I just read this book and it was one of the best books I've ever read. The preface to my edition compared it to Thomas Mann's "Dr Faustus (my favorite Mann)- which i found to be very true. I love Hesse but this is the only one of his books that was on the level of Mann for me. "Goldmund and Narcissus" and especially "Stepanwolf" also are excellent. Magister Ludi has a lot in common with the character Goldmund. This book has the intellectual incisive prose that I like so much in Mann - the mind and motivation are clearly written out, not just suggested.
The book follows the life of a great scholar from grade school to death. What distinguishes him is he has a great heart/sense of morality along with his genius. You follow his evolution as a person throughout the story. The story is set somewhere around 2500 AD but theres no indication that technology has advanced since the 1940's - or that life socially is much different...the emphasis is on the political situation as it relates to Knecht's scholarly order. Since there the order is celebate like the 19C Oxford scholars there are no female characters of consequence - so you see a lot of male relationships in all different shades. Hesse lets you know as much about the game as he can and still do it justice...the game is supposed to be one of the supreme human achievements so he couldnt invent it fully fleshed out for the purposes of a novel. Magister Ludi is Joseph Knecht's title: he is Master of the Game. He's on the highest board which includes a Music Master and Master of Meditation. The climax of the book is a discussion Knecht has to have with the Master of Meditation/President of the Board of Educators to justify a momentous life changing decision he makes. I reread very few classics (I plan on rereading the major Mann and Doestoyevsky books) but this is one I would reread: it's beautiful. If you loved "Doctor Faustus" or "Goldmund and Narcissus" you most likely love this one.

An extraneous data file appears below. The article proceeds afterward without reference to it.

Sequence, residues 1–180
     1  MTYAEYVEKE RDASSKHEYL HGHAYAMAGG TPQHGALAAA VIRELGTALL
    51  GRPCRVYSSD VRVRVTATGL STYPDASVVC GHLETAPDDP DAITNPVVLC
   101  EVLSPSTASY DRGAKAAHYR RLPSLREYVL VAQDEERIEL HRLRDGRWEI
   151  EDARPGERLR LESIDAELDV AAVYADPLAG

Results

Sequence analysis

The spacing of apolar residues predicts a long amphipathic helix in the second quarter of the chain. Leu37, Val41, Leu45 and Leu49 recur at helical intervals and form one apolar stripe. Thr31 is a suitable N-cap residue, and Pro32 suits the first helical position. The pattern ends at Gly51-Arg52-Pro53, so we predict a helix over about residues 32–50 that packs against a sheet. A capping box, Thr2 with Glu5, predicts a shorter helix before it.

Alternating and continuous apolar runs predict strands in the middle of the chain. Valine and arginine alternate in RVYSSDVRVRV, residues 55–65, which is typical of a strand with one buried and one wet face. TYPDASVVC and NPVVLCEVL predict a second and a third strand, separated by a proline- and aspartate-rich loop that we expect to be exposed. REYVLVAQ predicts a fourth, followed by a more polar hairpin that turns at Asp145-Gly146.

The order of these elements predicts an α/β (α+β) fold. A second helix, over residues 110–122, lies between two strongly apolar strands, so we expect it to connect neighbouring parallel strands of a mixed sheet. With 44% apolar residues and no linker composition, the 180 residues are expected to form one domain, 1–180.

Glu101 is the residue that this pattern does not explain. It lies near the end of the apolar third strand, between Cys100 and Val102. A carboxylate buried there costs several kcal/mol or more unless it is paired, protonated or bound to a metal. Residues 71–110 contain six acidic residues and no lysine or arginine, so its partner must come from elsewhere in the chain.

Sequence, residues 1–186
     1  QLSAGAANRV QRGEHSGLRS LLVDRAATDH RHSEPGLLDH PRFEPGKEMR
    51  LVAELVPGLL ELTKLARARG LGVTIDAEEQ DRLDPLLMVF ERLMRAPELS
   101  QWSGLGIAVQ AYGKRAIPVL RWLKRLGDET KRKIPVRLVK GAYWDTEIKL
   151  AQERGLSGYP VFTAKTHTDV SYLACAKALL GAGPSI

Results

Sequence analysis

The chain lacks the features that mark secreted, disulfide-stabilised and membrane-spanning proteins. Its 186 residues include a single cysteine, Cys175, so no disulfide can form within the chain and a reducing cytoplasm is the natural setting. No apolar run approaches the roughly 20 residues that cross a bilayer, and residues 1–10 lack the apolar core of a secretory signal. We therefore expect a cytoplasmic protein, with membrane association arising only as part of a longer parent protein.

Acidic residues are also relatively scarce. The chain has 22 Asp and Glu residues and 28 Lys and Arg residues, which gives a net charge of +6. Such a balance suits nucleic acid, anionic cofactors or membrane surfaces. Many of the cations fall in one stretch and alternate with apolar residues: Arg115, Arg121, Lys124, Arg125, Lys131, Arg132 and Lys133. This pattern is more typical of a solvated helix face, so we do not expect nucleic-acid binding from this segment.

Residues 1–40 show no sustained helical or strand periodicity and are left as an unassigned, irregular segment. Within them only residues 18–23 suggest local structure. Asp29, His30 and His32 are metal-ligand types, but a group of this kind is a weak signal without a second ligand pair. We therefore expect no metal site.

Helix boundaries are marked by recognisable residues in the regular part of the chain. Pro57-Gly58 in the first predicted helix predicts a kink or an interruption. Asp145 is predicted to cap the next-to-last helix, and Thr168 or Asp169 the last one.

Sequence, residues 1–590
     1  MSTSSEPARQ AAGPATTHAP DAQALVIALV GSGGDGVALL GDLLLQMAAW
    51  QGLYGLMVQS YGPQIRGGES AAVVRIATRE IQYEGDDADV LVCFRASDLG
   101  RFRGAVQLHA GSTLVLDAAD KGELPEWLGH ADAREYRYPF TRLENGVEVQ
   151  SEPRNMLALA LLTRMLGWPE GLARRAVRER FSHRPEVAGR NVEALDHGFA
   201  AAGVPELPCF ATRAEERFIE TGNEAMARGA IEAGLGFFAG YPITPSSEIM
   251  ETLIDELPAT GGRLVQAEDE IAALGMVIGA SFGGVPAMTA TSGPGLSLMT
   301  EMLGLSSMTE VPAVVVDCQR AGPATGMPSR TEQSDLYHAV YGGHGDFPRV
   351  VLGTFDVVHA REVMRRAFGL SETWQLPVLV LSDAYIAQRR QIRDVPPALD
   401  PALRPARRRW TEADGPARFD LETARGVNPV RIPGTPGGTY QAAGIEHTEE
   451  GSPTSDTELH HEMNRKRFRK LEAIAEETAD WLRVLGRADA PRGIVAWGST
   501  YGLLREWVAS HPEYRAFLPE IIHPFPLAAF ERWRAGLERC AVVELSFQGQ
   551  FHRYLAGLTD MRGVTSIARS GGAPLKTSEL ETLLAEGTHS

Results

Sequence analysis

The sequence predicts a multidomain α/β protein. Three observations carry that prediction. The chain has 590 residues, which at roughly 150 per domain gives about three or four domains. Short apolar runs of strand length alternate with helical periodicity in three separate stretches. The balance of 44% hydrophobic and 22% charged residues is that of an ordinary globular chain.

Comment Was this review helpful to you? Yes No Sending feedback...
Thank you for your feedback. If this review is inappropriate, please let us know.
Sorry, we failed to record your vote. Please try again
13 of 18 people found the following review helpful By E. Davey on December 5, 1999
Format: Mass Market Paperback
One realizes very early in this book that you will never actually learn what the Glass Bead Game IS, or how to play it in any pragmatic sense. This is a book about a man's journey through the idyllic student's world. A world where learning for the sake of learning is cherished and taken to be quintessential to life...and yet is not enough. Magister Ludi Knecht plays his part of the serf to the ultimate end, and realized that transcendence can only come from within, never from the environment.
Comment Was this review helpful to you? Yes No Sending feedback...
Thank you for your feedback. If this review is inappropriate, please let us know.
Sorry, we failed to record your vote. Please try again

Customer Images


What Other Items Do Customers Buy After Viewing This Item?